Open Source Development Labs (OSDL) was a non-profit organization supported by a consortium to promote Linux for enterprise computing. Founded in 2000, OSDL positioned itself as an independent, non-profit lab for developers who are adding enterprise capabilities to Linux. The headquarters was first incorporated in San Francisco but later relocated to Beaverton in Oregon with second facility in Yokohama, Japan.
|Focus||Linux kernel, open source movement|
|Method||Promotion, protection, and standardization of Linux by providing unified resources and services needed for open source to successfully compete with closed platforms.|
- provided hardware resources to the free software community and the open source community
- tested and reported on open source software
- employed a number of Linux developers.
It had data centers in Beaverton (Oregon, United States) and Yokohama (Japan).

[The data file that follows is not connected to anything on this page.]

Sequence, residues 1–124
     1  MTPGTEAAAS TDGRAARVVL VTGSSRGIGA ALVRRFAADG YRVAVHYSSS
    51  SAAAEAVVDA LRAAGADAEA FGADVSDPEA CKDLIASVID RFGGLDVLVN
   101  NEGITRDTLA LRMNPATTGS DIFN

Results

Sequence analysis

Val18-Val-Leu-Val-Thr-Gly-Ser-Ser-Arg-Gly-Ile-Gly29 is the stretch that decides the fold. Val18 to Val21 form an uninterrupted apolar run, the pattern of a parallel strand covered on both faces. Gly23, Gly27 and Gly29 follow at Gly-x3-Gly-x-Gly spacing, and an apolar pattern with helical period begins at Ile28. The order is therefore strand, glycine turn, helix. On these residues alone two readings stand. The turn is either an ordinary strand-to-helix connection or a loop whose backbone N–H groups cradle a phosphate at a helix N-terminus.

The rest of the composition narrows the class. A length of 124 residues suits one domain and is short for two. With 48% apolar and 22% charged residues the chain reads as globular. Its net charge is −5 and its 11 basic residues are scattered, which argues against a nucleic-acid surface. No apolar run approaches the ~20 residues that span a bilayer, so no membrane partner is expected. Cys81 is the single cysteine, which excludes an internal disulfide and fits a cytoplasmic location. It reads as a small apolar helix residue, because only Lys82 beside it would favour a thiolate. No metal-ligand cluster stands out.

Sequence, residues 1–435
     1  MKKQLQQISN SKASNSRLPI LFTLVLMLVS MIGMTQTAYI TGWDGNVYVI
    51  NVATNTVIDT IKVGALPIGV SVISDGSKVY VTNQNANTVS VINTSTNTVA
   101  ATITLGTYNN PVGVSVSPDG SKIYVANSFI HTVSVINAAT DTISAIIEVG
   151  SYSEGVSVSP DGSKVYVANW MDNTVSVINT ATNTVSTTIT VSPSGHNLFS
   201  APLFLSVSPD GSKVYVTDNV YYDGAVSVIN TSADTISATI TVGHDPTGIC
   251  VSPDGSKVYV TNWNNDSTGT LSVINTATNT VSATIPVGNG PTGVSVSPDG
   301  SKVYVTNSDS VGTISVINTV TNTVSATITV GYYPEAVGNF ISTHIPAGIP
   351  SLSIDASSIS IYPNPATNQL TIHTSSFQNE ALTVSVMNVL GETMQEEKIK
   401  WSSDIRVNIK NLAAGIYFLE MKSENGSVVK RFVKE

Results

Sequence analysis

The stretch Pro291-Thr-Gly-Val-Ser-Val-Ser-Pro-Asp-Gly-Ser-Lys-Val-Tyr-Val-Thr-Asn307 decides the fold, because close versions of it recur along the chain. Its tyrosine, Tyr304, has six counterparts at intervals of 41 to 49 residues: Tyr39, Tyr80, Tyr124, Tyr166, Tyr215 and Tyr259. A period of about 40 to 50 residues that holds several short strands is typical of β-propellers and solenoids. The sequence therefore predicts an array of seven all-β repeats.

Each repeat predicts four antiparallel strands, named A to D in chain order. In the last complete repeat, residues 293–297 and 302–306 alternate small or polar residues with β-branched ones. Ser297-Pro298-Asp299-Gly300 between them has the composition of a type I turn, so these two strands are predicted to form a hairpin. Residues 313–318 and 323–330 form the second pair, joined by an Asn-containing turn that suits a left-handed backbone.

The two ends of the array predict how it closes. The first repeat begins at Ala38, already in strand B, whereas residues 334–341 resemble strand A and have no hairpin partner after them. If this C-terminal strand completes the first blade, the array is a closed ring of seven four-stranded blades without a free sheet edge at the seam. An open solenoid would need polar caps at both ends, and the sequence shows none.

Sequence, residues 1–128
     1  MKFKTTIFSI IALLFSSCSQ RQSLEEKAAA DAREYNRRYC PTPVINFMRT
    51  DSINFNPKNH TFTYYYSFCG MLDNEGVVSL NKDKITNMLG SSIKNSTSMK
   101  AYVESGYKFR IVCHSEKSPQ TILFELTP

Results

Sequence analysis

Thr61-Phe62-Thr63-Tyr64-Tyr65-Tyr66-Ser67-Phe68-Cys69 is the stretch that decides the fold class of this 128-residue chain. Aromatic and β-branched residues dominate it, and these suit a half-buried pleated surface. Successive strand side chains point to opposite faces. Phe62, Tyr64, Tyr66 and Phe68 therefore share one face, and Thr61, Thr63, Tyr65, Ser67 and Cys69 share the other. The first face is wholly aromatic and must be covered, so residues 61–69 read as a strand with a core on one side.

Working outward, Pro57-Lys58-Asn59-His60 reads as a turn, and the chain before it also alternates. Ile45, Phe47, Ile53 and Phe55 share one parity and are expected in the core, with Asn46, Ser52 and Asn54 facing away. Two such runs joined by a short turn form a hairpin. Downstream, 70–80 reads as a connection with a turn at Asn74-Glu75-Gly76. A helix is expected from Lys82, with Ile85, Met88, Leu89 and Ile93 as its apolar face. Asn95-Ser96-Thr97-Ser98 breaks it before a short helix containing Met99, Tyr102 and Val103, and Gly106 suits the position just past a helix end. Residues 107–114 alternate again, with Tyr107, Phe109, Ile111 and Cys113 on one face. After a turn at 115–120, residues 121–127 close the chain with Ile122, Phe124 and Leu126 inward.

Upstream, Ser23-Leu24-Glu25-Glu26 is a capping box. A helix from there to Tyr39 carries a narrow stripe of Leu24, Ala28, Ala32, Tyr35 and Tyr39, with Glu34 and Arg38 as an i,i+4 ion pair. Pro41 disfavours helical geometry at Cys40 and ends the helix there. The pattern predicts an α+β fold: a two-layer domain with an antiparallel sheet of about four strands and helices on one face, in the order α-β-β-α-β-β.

OSDL had investment backers that included: 7 funders of Computer Associates, Fujitsu, Hitachi, Ltd., Hewlett-Packard, IBM, Intel Corporation, Nippon Electric Corporation, as well as a large collection of independent software vendors, end-user companies and educational institutions. A steering committee composed of representatives from the investment backers directed OSDL, which also had a significant staff of its own.
OSDL had established five Working Groups since 2002:
- Patent Commons, a project launched in November 2005 by the OSDL
- About OSDL at the Wayback Machine (archive index) - January 20, 2007, version was last one archived prior to the merger.
- "Industry Leaders Including HP, Intel, IBM AND NEC Forming Open Source Development Lab For Linux". Archived from the original on 2003-06-07. Retrieved 2017-12-01.CS1 maint: bot: original URL status unknown (link)"
- "Open Source Development Labs Inc". www.buzzfile.com. Retrieved 2016-10-26.
- "New Linux Foundation Launches – Merger of Open Source Development Labs and Free Standards Group" (Press release). The Linux Foundation. January 22, 2007. Archived from the original on 2007-07-02. Retrieved 2008-03-26.
Computing is entering a world dominated by two platforms: Linux and Windows.